Volume 7, Issue 2, March - April 2003
And the Winner Is …
International Window Film Association Announces Photo Contest Award Winners
by Penny Beverage
The International Window Film Association (IWFA) announced its 2002 photo contest award winners on January 24 during the International Window Film Conference and Expo™, held in San Antonio January 23-25. After sorting through 119 entries from 36 companies, the IWFA awarded first place in its annual photo contest to Jeff Franson of Window Experts, which is based in Atlanta.
His photo was called “Installation in Progress,” and depicted a film applicator on a ladder against the window of the “Phoenix Building” with the Atlanta skyline in the background. Second place went to Mike Overson of Hawthorne, Calif.-based JAX Inc., for his photo of an image on his company’s X-TEX™ film applied at Rome International Airport. Finally, third place went to Lawrence Streidel, owner of Interior Guardz in Rockville, Md., for his photo of a Maryland police car with a caption that read, “Maryland law – 35 percent, Sheriff’s Department – 5 percent.”
Prizes were $300 for first place, $200 for second and $100 for third.
Following are the photos, along with some tidbits into what went into the photography behind the scenes.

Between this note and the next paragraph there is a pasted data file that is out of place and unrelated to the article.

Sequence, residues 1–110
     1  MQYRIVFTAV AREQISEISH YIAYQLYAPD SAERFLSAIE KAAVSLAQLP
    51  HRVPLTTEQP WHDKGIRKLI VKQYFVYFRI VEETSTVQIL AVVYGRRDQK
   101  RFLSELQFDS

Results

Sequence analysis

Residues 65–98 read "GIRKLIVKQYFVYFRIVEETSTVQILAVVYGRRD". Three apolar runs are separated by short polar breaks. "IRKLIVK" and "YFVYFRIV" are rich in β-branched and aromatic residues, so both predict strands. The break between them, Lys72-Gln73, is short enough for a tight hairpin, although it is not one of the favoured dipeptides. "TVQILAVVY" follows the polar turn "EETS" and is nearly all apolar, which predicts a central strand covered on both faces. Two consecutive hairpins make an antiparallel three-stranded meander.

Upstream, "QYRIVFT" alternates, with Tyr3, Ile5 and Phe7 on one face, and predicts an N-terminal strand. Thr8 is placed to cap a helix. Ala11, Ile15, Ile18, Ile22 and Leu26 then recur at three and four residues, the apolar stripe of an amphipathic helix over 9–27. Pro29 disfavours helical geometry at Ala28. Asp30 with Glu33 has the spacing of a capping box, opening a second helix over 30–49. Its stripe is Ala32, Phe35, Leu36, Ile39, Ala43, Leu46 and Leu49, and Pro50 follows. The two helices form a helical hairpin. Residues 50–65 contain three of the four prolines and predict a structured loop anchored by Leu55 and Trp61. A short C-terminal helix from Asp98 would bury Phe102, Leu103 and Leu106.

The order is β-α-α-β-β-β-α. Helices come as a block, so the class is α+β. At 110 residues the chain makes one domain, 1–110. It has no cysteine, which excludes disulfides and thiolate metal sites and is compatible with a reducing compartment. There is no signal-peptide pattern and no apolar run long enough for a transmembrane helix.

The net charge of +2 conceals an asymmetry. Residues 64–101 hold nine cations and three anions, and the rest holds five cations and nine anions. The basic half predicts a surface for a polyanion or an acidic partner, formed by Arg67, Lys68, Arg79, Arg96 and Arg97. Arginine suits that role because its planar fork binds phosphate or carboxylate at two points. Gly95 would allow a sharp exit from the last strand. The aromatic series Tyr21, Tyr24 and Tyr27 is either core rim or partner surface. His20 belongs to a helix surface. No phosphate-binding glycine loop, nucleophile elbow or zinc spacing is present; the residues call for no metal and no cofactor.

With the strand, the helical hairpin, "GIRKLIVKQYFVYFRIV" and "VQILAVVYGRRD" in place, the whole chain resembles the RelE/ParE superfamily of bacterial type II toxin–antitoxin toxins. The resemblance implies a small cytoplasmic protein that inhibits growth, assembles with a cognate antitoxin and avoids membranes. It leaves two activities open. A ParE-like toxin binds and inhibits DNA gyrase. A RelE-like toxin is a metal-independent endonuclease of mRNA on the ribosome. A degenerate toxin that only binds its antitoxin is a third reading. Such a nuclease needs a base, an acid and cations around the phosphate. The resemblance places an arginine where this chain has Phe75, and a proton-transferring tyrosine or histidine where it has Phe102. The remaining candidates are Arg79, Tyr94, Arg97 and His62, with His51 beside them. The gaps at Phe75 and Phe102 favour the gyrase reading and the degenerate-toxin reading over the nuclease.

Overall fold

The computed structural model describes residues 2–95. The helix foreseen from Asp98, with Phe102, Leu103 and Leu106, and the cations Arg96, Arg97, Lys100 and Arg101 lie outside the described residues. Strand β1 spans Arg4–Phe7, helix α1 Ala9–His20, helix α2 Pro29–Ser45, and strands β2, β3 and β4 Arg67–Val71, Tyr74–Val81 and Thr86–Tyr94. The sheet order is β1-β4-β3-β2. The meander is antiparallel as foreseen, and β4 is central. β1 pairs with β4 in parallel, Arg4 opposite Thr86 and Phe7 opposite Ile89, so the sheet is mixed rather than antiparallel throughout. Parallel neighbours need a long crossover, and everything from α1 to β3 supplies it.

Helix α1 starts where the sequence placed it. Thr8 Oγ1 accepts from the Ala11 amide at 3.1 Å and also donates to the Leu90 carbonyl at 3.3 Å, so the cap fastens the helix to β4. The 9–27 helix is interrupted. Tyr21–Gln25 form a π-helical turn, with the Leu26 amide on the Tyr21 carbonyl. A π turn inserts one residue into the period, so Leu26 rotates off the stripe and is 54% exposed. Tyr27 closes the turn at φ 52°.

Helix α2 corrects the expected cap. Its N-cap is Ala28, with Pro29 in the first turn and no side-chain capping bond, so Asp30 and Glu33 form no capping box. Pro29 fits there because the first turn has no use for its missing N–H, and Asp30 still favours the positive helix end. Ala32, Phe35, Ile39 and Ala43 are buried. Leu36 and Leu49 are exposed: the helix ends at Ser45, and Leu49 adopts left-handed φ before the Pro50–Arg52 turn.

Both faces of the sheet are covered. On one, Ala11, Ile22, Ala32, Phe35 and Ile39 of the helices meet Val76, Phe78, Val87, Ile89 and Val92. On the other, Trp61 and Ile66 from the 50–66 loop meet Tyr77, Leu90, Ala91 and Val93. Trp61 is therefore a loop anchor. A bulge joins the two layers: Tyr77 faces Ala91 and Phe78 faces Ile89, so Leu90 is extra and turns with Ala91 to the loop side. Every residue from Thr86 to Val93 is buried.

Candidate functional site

(At left) The first-place photo, “Installation in Progress,” was taken by Jeff Franson of Window Experts in Marietta, Ga. Franson took the photo of film applicator Nick Baker was taken at the Phoenix Building in Atlanta during the company’s application of more than 2,000 square feet of film. Window Experts applied 3M’s Night Vision film to the building’s penthouse suites.
(Right) The second-place photo, “The Da Vinci,” was taken by Mike Overson, president of Hawthorne, Calif.-based JAX Inc. The photo was taken at Rome International Airport following an installation of the company’s own X-TEXTM one-way imaging film.
left) The third-place photo, “Maryland law - 35 percent, Sheriff’s Department - 5 percent,” was taken by Lawrence Streidel of Interior Guardz in Rockville, Md.
“I thought it represented the window film industry and how it helps the police department,” Streidel said.
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